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For printing to work, the LP scheduler must be running on both the print server and print clients. In addition to the scheduler running, a printer must be enabled and accepting requests before it can produce output. If the LP print service is not accepting requests for a printer, the submitted jobs (print requests) are rejected. Usually, in that instance, the user receives a warning message when a job is submitted. If the LP print service is not enabled for a printer, jobs remain queued on the system until the printer is enabled. In general, analyze a printing problem as follows:
Following are a couple other questions to ask:
The print scheduler must be running both on the print server and on each print client system. On the print server and on each print client, type lpstat -r and press Return. Check the output of the command to make sure that the LP print service is running.
elm% lpstat -r scheduler is running elm%
If the scheduler is not running, become superuser, type /usr/lib/lp/lpsched, and press Return.
You must enable printers and tell them to accept print requests.
Follow these steps both on the print server and on each print client to make sure that the printer is enabled and is accepting print requests:
elm% lpstat -a oak accepting requests since Wed Mar 13 20:37:07 PST 1991 pinecone not accepting requests since Wed Apr 17 19:10:55 PDT 1991 unknown reason elm%
elm% lpstat -p pinecone printer pinecone disabled since Wed Apr 17 19:13:33 PDT 1991. available. unknown reason elm%
pine% su Password: # enable pinecone printer "pinecone" now enabled. #
Make sure that the cable is connected to the port that the LP print service is using. To find out which port is configured for the LP print service, type lpstat -t on the print server and press Return. In the following example, the printer is connected to /dev/term/a.
elm% lpstat -t scheduler is running system default destination: pinecone device for pinecone: /dev/term/a elm%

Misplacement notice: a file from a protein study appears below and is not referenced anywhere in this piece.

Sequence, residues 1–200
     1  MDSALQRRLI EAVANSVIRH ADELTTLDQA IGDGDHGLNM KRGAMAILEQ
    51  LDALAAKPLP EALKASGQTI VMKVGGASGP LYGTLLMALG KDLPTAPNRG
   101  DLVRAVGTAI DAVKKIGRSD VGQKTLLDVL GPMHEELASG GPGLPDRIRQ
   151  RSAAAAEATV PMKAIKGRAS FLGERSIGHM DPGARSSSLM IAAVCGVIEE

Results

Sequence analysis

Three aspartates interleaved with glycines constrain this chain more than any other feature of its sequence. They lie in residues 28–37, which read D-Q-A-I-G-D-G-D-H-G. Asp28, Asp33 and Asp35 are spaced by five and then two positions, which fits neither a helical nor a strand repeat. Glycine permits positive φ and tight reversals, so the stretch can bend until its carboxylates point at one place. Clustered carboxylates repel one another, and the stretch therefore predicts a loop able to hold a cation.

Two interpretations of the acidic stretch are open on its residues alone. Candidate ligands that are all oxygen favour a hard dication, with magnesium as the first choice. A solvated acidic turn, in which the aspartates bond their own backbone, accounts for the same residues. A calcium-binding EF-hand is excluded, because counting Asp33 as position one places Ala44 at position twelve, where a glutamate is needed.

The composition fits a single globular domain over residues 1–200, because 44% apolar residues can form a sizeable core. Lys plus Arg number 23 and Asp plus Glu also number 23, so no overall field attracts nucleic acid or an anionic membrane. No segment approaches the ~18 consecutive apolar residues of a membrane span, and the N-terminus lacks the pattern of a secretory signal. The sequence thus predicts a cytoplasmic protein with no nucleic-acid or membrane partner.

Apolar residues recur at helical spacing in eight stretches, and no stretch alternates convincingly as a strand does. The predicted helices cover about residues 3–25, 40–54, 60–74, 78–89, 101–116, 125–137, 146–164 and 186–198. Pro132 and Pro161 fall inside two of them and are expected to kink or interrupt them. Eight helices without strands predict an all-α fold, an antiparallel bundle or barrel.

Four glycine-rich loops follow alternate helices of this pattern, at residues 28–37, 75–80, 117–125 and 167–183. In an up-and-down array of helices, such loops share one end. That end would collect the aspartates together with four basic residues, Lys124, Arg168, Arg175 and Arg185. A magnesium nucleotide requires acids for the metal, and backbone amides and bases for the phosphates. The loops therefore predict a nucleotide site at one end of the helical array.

If the cable is connected to the right port, type ls -l /devices and press Return to check whether the device is owned by lp and that the permissions are set to 600. In the following example, the port is configured correctly.
oak% ls -l /devices total 12 crw-rw-rw- 1 root sys 28, Ø Mar 24 1Ø:22 audio@1,f72Ø1ØØØ:sound,audio crw-rw-rw- 1 root sys 28,128 Mar 24 1Ø:22 audio@1,f72Ø1ØØØ:sound, audioctl crw---- 1 root sys 68, 11 Mar 24 Ø9:39 eeprom@1,f2ØØØØØØ:eeprom brw-rw-rw- 1 root sys 36, Ø Mar 24 Ø9:39 fd@1,f72ØØØØØ:a crw-rw-rw- 1 root sys 36, Ø Mar 24 Ø9:39 fd@1,f72ØØØØØ:a,raw brw-rw-rw- 1 root sys 36, 1 Mar 24 Ø9:39 fd@1,f72ØØØØØ:b crw-rw-rw- 1 root sys 36, 1 Mar 24 Ø;9:39 fd@1,f72ØØØØØ:b,raw brw-rw-rw- 1 root sys 36, 2 Mar 24 Ø9:39 fd@1,f72ØØØØØ:c crw-rw-rw- 1 root sys 36, 2 Mar 24 Ø9:39 fd@1,f72ØØØØØ:c,raw drwxr-xr-x 2 root sys 46Ø8 Mar 24 1Ø:22 pseudo drwxr-xr-x 3 root sys 512 Mar 24 11:41 sbus@1,f8ØØØØØØ crw---- 1 lp sys 29, Ø Mar 24 Ø9:39 zs@1,f1ØØØØØØ:a crw-rw-rw- 1 root sys 29,131Ø72 Mar 24 Ø9:39 zs@1,f1ØØØØØØ:a,cu crw-rw-rw- 1 root sys 29, 1 Mar 24 Ø9:39 zs@1,f1ØØØØØØ:b crw-rw-rw- 1 root sys 29,131Ø73 Mar 24 Ø9:39 zs@1,f1ØØØØØØ:b,cu oak%
If you are not certain which device is the serial port, you can type ls -l/dev/term and press Return to display the link to the /devices file.
oak% ls -l/dev/term total 4 lrwxrwxrwx 1 root root 29 Mar 24 1Ø:23 a -> ../../devices/zs@1,flØØØØØØ:a lrwxrwxrwx 1 root root 29 Mar 24 1Ø:23 b -> ../../devices/zs@;1,flØØØØØØ:b oak%
Use the following steps if you need to change the ownership or permissions for the device:
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